The general public is advised that on Monday, August 21, 2017, the Federation of St. Kitts and Nevis and, by extension, the Caribbean Region, will experience a solar eclipse. A spectacle in the sky occurs when the moon passes between the Sun and the Earth and either partially or totally blocks the light rays of the sun.

Persons living within a narrow 70-mile corridor that traverses the United States of America from Oregon (in the Northwest) to South Carolina (in the Southeast) will be able to see the total eclipse that is expected to last 2 minutes and 40 seconds. Along that US corridor, the eclipse will effectively turn day into a dark twilight during which time stars will be visible. However, due to the geographic location of St. Kitts and Nevis, we will NOT experience a total eclipse of the Sun. The partial eclipse we are expected to see will be such that between 50 -75% of the Sun’s rays will be blocked by the moon. Once the weather permits, the Sun’s shimmering outer atmosphere or corona will be visible for 2 – 3 hours, from about 2:20 pm to 4:50 pm local time. The maximum view should occur at approximately 3:40 pm.

The Ministry of Health wishes to advise the public that a solar eclipse is a very rare occurrence in nature, and creates an awesome visual experience when the eclipse can be seen in its totality. (The last total solar eclipse to darken the US mainland occurred in 1979, and another one is not expected in that country until the year 2024.) The Ministry further advises that although the solar eclipse is a natural curiosity for many individuals, every precaution must be taken if such persons wish to watch it safely. As such, the following guidelines are recommended:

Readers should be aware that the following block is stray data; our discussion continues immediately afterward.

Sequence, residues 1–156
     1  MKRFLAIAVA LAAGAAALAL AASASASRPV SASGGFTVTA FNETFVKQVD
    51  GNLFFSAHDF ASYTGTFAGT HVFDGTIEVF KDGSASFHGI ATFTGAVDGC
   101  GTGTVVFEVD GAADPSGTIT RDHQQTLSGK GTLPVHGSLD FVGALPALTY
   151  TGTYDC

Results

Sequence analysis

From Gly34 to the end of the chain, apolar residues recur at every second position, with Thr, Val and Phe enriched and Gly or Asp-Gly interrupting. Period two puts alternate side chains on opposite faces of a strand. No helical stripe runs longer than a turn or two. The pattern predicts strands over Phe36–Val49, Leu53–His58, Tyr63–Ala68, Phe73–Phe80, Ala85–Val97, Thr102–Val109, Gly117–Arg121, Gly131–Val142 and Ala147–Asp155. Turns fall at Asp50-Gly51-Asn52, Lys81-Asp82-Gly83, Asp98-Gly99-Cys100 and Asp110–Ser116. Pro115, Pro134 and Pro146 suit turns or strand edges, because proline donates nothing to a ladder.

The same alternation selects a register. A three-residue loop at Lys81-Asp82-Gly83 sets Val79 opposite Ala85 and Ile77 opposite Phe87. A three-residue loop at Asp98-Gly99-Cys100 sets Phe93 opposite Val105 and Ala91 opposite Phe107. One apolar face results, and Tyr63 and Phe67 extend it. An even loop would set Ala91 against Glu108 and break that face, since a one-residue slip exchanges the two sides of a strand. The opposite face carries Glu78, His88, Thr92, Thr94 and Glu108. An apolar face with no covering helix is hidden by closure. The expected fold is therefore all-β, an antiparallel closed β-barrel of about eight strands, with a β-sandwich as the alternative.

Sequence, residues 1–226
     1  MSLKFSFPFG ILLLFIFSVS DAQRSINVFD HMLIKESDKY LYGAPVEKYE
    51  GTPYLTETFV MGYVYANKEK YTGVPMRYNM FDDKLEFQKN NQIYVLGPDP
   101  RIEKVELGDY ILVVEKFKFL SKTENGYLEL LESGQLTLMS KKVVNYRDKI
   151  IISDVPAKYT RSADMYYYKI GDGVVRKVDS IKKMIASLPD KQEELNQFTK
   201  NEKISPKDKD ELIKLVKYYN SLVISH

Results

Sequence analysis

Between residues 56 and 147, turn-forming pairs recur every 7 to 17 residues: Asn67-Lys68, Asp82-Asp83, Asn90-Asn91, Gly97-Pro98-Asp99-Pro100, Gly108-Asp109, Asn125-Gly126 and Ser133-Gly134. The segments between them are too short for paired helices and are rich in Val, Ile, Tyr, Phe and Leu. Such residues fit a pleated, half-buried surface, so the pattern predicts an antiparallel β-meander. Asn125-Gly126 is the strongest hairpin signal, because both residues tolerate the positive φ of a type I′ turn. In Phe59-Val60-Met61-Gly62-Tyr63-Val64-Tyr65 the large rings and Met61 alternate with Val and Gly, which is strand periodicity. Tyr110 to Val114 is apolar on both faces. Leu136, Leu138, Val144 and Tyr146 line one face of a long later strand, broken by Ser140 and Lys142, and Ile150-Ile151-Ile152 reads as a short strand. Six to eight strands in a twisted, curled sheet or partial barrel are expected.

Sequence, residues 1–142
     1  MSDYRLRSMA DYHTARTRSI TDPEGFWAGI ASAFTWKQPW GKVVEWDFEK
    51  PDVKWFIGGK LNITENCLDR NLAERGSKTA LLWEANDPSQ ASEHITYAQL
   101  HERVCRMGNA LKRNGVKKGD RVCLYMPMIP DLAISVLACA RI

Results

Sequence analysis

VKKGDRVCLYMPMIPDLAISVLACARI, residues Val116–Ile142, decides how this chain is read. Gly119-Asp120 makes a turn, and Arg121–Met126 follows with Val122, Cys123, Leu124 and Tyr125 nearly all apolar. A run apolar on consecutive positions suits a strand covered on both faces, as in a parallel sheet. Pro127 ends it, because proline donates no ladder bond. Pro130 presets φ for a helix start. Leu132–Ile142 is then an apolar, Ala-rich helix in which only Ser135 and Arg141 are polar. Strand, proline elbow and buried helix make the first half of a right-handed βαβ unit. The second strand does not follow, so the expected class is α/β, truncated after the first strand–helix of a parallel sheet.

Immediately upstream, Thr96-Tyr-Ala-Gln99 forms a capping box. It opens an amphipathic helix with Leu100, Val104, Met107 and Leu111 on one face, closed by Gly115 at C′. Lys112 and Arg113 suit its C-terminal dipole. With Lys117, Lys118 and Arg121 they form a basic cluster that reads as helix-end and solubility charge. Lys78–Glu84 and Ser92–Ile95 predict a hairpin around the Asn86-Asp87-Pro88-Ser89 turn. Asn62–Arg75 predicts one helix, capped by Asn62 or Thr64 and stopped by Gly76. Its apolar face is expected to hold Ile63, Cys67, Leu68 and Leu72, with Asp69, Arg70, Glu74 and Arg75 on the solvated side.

1) No one should ever view the Sun with the naked eye or by looking at it through devices such as sunglasses, binoculars or telescopes.

2) Looking directly at the Sun can injure your eyes. It is also unsafe to use ordinary sunglasses, smoked glass, or polarizing filters.

3) It is recommended that you wear special-purpose, safe solar filters such as “eclipse glasses or viewers” or special hand-held solar viewers which are compliant with the International Standard ISO 123 12-2 safety standards for such products. Persons using such glasses or viewers should not remove them while looking at the Sun.

4) Motorists should not operate a vehicle while attempting to look at an eclipse. All drivers must be sure to follow road safety regulations at all times.

5) One of the safest ways to watch the eclipse is via the television or internet.

6) Parents or guardians with young children should closely monitor their children during the eclipse, as a means of ensuring that they are not left unattended outdoors looking up into the sky and, in the process, damage their eyesight.

7) If you experience any discomfort or vision problems following the eclipse make sure to visit your eye specialist for a complete medical examination of the eyes

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